Wednesday, January 30, 2008

The End of an Architectural Era?

Stonebraker et al have an interesting paper pointing out the antiquity and consequent limitations of the classic relational database architecture in today's world of massive disk/cycles/core.

If they are correct (and in spite of the recent MapReduce blunder Stonebraker has made a lot of great calls in the DB world), the world of data management is going to get awfully interesting in the coming years. The DBA's & DA's of this world have been living a relatively comfortable existence compared to those who are wandering across the stormy badlands of the middle tier. But Stonebraker postulates at least 5 radically variant database architectures to address specific use cases of data management. This would seem to lead to a much more complex world for data architects. But maybe a windfall for the consultants who find their niche?

Sunday, January 20, 2008

Quote of the Day

Java - learn once, write anywhere

"From my personal experience, that is quite true. I started programming in Java in 1997, and since then I have built web applications, database applications, mobile applications for Palm and Pocket PC, an application server for CTI applications, CORBA-based distributed applications, network management applications, server-side business components for application servers, fat-client business applications, an IDE, a Rich Client Platform, a modeling tool among other kinds of software. All that across different operating systems and using similar products by different vendors.

Of course I had to learn something new for each kind of "application style", but the programming language and core class library were always there for me. That is a huge thing. Before Java, it was really hard to move from one domain to another, or even move from vendor to vendor. Sun has my eternal gratitude for bringing some sanity to the software development industry."


- Rafael Chavez

The Paradoxically Poor Power of Visual Programming

I've just been reading about TextUML, which is a language and IDE for textually defining UML diagrams by a start-up company called abstratttechnologies.

This seems like both a stroke of brilliance and painfully obvious. It makes me wonder why UML isn't already defined in terms of a serializable language. The big advantage of this I think would be the ability to have a clearly defined semantics. In the past when reading about UML I've been quite frustrated by an apparent lack of rigour in the definition of the various UML concepts and diagrams. It's always seemed to me that a metalanguage like UML is more in need of fully-defined semantics than application languages. Most (all?) application languages after all are executable, which gives provides a final authority for the meaning of a program written in them - run it and see what happens. AFAIK UML isn't really (or not conveniently) executable in the same way.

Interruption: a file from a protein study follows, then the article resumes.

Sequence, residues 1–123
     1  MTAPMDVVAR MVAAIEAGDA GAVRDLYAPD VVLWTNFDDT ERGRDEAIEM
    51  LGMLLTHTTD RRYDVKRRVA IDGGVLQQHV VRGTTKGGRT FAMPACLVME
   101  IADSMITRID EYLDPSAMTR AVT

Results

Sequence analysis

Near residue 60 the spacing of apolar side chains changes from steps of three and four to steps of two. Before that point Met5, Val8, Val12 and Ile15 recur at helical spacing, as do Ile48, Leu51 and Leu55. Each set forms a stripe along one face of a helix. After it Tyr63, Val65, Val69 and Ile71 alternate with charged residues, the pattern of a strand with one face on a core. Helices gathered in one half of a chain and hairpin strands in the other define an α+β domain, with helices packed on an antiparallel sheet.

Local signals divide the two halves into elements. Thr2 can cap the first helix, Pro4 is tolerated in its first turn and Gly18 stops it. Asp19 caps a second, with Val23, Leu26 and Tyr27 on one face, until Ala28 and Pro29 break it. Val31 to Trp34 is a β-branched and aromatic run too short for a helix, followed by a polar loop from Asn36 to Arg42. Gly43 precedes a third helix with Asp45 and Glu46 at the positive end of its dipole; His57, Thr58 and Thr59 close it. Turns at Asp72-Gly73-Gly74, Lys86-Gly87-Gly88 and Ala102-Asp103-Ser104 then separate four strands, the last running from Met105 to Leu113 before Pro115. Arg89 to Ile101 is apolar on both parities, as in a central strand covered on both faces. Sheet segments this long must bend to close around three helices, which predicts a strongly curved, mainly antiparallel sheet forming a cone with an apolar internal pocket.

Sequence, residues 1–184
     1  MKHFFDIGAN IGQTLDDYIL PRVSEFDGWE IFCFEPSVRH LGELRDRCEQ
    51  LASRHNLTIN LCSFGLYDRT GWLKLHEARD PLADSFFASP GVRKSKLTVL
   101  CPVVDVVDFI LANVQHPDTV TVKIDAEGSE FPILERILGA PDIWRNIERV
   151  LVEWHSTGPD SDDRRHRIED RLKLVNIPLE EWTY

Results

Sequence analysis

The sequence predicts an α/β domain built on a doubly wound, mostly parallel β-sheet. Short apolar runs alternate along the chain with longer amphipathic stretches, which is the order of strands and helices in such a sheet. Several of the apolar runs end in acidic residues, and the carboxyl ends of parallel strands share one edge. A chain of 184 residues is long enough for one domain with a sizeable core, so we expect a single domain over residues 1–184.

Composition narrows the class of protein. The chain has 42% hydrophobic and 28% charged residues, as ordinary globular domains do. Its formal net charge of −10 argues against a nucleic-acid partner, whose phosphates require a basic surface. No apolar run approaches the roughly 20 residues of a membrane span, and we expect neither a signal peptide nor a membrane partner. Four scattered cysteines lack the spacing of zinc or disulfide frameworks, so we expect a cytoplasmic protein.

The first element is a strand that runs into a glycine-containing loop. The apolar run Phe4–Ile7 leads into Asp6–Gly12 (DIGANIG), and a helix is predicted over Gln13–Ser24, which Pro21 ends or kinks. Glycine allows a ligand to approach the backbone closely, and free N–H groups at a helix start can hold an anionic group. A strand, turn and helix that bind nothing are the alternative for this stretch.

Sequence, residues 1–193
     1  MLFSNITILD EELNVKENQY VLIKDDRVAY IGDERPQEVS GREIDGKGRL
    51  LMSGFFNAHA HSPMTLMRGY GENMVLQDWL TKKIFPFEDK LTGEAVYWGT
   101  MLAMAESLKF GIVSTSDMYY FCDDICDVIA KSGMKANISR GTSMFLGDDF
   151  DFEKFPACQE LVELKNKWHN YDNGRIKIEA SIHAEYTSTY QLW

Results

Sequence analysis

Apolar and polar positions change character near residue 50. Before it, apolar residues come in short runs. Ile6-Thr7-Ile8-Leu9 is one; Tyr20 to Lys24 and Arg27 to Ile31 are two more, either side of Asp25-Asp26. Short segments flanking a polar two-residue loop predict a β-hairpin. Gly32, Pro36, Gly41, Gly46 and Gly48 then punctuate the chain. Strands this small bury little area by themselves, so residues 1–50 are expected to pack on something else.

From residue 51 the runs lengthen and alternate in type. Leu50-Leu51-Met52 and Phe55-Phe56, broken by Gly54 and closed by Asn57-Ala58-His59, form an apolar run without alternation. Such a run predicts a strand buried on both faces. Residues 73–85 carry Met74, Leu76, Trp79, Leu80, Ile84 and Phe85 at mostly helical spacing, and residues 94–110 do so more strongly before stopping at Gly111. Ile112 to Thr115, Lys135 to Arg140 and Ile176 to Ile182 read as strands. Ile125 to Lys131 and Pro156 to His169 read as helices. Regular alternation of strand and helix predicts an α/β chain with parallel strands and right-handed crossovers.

Which brings me to the paradox promised in the title of this post. One of the claims for TextUML is that it is easier to write and express complex models in than a purely diagram-based UML tool. I can easily believe this - developing a complex model by diagrams seems cumbersome and limited compared to writing a textual description. And I think this generalizes to the concept of visual programming in general. We've had easy access to powerful graphics capabilities for over 20 years now, culminating in today's basically unlimited in graphical capabilities. In spite of this, text-base programming still rules the roost when it comes to expressiveness, flexibility and speed.

So the paradox is: why is a 1-dimensional representation more powerful than a 2-dimensional representation? To put this another way, why does a 1D representation seem less "flat" than a 2D representation?

For further study: would the same apply to a 3D representation? Or would a move to 3D jump out of some sort of planar well, and end up being more expressive than 1D?

By the way, abstratt is right here in l'il ol' Victoria, and the lead designer (and CEO) Rafael Chavez is giving a talk at VicJUG in March. I'm definitely going to attend - I suspect he may have an interesting take on this issue.